:focus {
  outline-color: var(--pink);
}

Components

components/BaseFilter.css

 .filter-nav button {
    background: none;
    border: none;
    color: #bbb;
    outline: none;
    font-size: 15px;
    text-transform: uppercase;
    margin-right: 10px;
    letter-spacing: 1px;
    font-weight: bold;
    cursor: pointer;
  }
  .filter-nav button.active {
    color: goldenrod;
  }

components/BaseFilter.jsx

import React from "react";
import './BaseFilter.css';
const BaseFilter = (props) => {

    <nav className="filter-nav">
      <button
        onClick={() => props.onUpdate('all')}
        className={props.current === 'all' ? 'active' : ''}
      >
        View all
      </button>

      <button
        onClick={() => props.onUpdate('completed')}
        className={props.current === 'completed' ? 'active' : ''}
      >
        Completed
      </button>

      <button
        onClick={() => props.onUpdate('pending')}
        className={props.current === 'pending' ? 'active' : ''}
      >
        Pending
      </button>
    </nav>
  );
};

export default BaseFilter;

components/ExerciseItem.jsx

import React from 'react'
import { Link } from 'react-router-dom';

import './ExerciseItem.css';

function ExerciseItem(props) {

  const performExerciseDeletion = () => {

    fetch(`http://localhost:3111/exercises/${props.exercise.id}`, {
      method: 'DELETE',
    })
      .then(() => props.onDeleteExercise(props.exercise.id))
      .catch((err) => console.log(err));

  };

  const performExerciseCompletion = () => {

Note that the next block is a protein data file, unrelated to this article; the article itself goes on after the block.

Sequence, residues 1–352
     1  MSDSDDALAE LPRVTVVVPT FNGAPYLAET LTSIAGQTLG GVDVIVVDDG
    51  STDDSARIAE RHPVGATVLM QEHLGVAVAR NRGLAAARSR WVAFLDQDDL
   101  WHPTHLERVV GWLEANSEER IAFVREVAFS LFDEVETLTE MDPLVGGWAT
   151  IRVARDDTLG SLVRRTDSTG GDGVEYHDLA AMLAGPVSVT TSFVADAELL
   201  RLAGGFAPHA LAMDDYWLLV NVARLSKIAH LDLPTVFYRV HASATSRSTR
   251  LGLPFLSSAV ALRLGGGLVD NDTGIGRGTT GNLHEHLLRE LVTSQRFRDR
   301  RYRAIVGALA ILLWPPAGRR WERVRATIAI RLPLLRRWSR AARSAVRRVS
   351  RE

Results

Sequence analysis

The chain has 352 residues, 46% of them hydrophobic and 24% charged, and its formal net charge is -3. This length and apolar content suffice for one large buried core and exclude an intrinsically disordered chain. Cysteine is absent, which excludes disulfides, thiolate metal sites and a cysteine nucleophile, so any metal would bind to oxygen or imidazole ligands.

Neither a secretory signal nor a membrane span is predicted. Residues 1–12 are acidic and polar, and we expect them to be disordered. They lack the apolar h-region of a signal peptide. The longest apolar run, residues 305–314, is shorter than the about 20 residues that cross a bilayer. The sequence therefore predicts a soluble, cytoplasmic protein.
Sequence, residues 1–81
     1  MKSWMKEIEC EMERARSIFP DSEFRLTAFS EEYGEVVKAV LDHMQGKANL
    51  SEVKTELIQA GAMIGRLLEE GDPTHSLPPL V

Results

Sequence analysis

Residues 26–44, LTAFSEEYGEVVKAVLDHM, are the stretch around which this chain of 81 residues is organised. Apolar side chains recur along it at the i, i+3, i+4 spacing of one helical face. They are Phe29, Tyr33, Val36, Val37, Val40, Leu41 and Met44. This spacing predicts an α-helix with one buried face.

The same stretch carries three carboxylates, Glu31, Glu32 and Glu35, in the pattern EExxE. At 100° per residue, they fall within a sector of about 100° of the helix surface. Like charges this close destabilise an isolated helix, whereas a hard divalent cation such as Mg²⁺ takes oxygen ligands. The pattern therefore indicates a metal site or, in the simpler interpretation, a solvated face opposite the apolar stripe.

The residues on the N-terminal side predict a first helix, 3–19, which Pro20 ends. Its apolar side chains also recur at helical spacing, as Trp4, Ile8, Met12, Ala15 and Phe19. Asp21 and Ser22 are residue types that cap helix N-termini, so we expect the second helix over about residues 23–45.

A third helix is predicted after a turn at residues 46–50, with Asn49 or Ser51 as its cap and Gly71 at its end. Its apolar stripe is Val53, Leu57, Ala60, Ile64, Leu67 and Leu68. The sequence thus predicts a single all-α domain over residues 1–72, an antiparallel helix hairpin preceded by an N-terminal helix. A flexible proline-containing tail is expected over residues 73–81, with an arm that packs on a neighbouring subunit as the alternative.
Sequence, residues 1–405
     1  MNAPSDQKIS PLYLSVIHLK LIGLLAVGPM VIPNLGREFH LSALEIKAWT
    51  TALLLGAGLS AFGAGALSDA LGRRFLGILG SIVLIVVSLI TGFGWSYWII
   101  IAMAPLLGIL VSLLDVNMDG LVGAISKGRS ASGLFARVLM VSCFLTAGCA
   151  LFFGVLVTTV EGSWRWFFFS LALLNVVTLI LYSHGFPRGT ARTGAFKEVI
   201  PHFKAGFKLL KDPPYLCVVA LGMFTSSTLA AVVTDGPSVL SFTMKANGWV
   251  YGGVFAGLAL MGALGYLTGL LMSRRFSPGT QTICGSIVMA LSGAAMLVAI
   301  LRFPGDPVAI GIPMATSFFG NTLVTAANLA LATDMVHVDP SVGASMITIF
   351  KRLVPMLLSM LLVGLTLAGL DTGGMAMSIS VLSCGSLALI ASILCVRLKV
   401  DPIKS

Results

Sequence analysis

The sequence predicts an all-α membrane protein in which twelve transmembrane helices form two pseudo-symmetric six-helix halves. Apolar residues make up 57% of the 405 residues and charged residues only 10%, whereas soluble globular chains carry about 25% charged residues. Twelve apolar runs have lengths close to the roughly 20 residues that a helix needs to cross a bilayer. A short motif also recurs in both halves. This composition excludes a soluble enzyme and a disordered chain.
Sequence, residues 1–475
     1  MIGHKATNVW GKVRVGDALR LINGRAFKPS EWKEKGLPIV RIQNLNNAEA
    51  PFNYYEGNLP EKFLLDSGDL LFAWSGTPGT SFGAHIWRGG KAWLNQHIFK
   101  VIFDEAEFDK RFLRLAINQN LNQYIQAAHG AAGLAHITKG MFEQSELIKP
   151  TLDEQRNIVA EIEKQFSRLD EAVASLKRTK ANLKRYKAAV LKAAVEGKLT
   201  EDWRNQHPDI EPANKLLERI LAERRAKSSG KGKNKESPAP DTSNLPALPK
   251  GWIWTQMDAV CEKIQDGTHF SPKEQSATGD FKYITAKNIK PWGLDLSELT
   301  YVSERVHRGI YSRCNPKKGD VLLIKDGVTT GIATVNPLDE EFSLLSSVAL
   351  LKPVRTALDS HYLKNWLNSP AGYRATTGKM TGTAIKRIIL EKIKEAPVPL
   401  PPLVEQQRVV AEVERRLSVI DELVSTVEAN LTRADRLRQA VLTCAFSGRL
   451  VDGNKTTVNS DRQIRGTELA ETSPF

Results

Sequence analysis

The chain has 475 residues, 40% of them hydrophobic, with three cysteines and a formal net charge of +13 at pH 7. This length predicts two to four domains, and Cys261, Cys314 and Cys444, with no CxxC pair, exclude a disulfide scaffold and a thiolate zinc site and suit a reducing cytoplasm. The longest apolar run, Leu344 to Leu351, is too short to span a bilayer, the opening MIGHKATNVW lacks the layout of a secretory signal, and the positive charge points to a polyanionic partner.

fetch(`http://localhost:3111/exercises/${props.exercise.id}`, {
      method: 'PATCH',
      headers: { 'Content-Type': 'application/json' },
      body: JSON.stringify({ complete: !props.exercise.complete }),
    })
      .then(() => props.onCompleteExercise(props.exercise.id))
      .catch((err) => console.log(err));

  };
  const classes = ['exercise'];
  if (props.exercise.complete) {
    classes.push('complete');
  }
  return (
    <div className={classes.join(' ')}>
      <div className="actions">
        <h4>{props.exercise.title}</h4>
        <div className="buttons">
          <button onClick={performExerciseDeletion}>Delete</button>
          <Link to={`/exercises/${props.exercise.id}/edit`}>Edit</Link>
          <button onClick={performExerciseCompletion}>Toggle</button>
        </div>
      </div>
      <div className="details">
        <p>{props.exercise.details}</p>
      </div>
    </div>
  );
}

export default ExerciseItem;

components/ExerciseItem.css

.exercise {
  margin: 20px auto;
  background: white;
  padding: 10px 20px;
  border-radius: 10px;
  box-shadow: 0 4px 8px 0 rgba(0, 0, 0, 0.2);
  border-left: 10px solid var(--pink);
}
.exercise:hover {
  box-shadow: 0 16px 32px 0 rgba(0,0,0,0.9);
}
h3 {
  cursor: pointer;
}
.actions {
  display: flex;
  justify-content: space-between;
  align-items: center;
}
.exercise.complete {